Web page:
Let's consider a slightly different version of your question, which should highlight the principles concerned. Suppose there is a robot in New York that prints letters which it posts to you in London, the letters taking two days to arrive. If I smash the robot to smithereens in New York on Sunday, do you consider the robot to continue existing until its final letter is delivered to you in London on Tuesday?

You won't discover that the robot has been destroyed until Tuesday, but that does not mean that the robot existed until Tuesday. If the robot's last letter is the only thing you have to go on, you will not be able to pinpoint the time of the robot's destruction. However, if I send you a letter explaining that I destroyed the robot at 10:30 am, you would. Do you think the time of the robot's destruction depends on whether or not I send such a letter?

It seems to me that you are conflating two events, namely the destruction of the star and your learning of the destruction of the star.

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    This is different because I could make a measurement from my reference frame and know immediately about the robot. E.g. I might have a powerful xray that could look through the earth and at the robot. With the case of the star, the counter-example doesn't work because there is no possible measurement that could be made earlier than when the light arrives in my eyes. No information about the star can travel faster than the speed of light. There is no analogous thing to you sending that latter at 10:30 am. In fact, I would maintain that the star is destroyed even if I never learn about it.
    – Augs
    Feb 1 at 21:43
  • You couldn't know immediately about the robot, because your X-ray would take a finite amount of time to reach you. Feb 1 at 21:46
  • Well yes I meant effectively immediately. But if we are considering the time it takes for the x-ray to travel then it is basically the same as my star question but at a closer range(the letters become irrelevant again if we are considering speed-of-light information travel). My point about "the present" is not about consciousness as I am not talking about anyone knowing if the star in question exists, just if it exists or not at all.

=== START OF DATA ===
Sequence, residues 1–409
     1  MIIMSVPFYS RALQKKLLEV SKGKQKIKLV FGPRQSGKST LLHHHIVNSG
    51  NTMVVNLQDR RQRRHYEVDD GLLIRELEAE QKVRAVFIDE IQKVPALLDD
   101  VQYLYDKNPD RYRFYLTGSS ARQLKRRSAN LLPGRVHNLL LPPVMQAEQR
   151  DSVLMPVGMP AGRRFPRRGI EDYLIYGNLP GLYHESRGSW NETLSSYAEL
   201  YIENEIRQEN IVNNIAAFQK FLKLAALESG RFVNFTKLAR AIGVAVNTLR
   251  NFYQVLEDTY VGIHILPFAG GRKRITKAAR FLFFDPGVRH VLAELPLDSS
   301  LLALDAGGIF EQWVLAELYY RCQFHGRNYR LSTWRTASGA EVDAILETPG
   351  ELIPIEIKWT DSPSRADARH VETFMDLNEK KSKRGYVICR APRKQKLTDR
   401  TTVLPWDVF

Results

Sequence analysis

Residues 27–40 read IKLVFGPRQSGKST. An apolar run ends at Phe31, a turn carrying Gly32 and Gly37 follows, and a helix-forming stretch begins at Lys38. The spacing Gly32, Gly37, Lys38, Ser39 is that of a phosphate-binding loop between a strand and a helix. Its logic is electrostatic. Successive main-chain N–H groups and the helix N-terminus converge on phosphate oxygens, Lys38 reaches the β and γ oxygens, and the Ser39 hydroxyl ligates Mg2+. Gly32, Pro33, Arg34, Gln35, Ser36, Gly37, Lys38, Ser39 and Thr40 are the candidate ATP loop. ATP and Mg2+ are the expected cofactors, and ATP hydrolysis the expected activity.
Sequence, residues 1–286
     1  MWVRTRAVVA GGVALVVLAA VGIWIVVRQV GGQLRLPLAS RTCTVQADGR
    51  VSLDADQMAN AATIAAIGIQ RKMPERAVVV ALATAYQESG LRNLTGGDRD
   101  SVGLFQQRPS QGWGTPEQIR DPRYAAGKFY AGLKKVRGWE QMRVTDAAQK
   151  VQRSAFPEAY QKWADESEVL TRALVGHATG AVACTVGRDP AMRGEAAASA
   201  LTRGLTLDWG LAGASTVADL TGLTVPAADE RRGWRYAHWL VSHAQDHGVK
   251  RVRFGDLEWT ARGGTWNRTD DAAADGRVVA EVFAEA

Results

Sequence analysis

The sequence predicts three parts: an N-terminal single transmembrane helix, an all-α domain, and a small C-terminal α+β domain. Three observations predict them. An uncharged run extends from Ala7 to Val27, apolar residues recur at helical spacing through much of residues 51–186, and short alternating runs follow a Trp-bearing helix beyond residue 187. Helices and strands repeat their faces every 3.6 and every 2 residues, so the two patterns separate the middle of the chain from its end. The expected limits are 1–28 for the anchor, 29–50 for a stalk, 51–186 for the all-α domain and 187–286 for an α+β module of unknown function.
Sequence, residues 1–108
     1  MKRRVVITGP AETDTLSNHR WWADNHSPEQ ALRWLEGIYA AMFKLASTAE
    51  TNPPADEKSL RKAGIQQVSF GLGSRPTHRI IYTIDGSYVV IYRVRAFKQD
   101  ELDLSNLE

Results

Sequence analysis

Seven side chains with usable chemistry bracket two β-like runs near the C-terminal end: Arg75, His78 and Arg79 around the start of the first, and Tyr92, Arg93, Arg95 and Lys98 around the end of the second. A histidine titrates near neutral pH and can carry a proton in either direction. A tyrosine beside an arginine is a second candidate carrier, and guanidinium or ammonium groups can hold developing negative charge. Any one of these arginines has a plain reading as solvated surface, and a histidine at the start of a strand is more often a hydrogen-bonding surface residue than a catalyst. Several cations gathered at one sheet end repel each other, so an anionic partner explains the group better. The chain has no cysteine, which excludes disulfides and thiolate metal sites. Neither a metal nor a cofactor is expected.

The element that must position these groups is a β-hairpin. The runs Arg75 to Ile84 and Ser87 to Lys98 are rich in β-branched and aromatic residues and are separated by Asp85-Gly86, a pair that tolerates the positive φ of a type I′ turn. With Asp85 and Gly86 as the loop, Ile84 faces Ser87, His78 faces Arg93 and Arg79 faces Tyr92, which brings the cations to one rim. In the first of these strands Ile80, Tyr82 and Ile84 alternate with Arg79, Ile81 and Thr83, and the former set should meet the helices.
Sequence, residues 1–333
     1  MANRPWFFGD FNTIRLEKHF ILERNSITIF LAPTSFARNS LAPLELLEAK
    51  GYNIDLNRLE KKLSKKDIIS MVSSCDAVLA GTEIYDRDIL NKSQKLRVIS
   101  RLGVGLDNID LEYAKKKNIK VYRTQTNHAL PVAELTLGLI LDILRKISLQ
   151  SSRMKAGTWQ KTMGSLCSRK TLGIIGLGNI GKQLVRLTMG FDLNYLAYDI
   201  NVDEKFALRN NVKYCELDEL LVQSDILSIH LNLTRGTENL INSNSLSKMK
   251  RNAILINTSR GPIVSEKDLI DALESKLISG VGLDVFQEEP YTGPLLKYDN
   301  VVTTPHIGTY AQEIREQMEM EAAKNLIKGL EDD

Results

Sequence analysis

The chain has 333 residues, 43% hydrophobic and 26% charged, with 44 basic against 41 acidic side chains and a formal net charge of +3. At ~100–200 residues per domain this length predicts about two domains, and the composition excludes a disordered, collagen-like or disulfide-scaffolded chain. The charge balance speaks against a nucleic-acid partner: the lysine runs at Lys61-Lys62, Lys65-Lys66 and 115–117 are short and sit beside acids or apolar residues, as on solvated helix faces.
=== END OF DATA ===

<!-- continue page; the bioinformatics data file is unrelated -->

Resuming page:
– Augs
    Feb 1 at 22:33
  • Go back to my example. Do you think the robot continues to exist during the interval between my smashing it to pieces and you learning about it? Feb 1 at 22:35
  • No because I don't think knowledge of the robot is important here. However there is still some question as to if the robot exists during the brief time period where you smash it but the light cone hasn't had time to propagate to London. If we are talking about physics, the robot still effects objects in London such as through gravitational forces.
    – Augs
    Feb 1 at 22:47

If a star ends its life, then in general its mass – at least some part of his original mass – still exists, but the star is no longer active, i.e. supporting nuclear reaction in its interior. Hence the answer to the OP’s question depends on how to define the end of the star.

  • In general, the ending of the nuclear reactions and the cooling down of the star is considered the end of the lifespan of the star. Accordingly, a star like in your question does not exist any longer.
  • But if you define a star as a collection of massive particles then those stars, which do not explode and spread all their mass into the galactic space, continue to exist - in a different state.
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    Let's suppose that at the end of it's lifespan the star just pops out of existence and all the atoms are deleted(say it collides with a star made entirely of anti-matter). This is more a question about relativity and "what is the present?" than "what counts as a star?".
    – Augs
    Feb 1 at 19:18
  • @Augs The annihilation of the star with an equal amount of antimatter creates a gigantic blow of gamma-rays. They burst into all directions - assuming that secondary processes are neglectible. Hence there is no resulting collection of mass. The star ended his existence. - I do not see why relativistic effects should play a role. Of course we do know about this end of existence not until when the effect has reached the observer after a finite non-zero time.
    – Jo Wehler
    Feb 1 at 20:39
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    Relativistic effects play a role because I am asking about what constitutes the present, and not really that interested in what constitutes a star, that was just an example. The mechanics of time are going to be closely related to relativistic physics so it makes sense to me.
    – Augs
    Feb 1 at 21:47
  • @Augs That an event happens or not, does not depend on the reference system of an observer, it is not a relativistic quantity, it is relativistically invariant. - I do not see where in your question you speak about presence. Anyhow, presence is a 4-dimensional domain already in Minkowski space. – Of course, time is a relativistic coordinate. But one may assume that the effect propagates along a light-like geodesic, which is a well-determined concept, invariant with respect to Lorentz-transformation. – How travelling along closed geodesics relates to causality seems still an open problem.
    – Jo Wehler
    Feb 1 at 22:09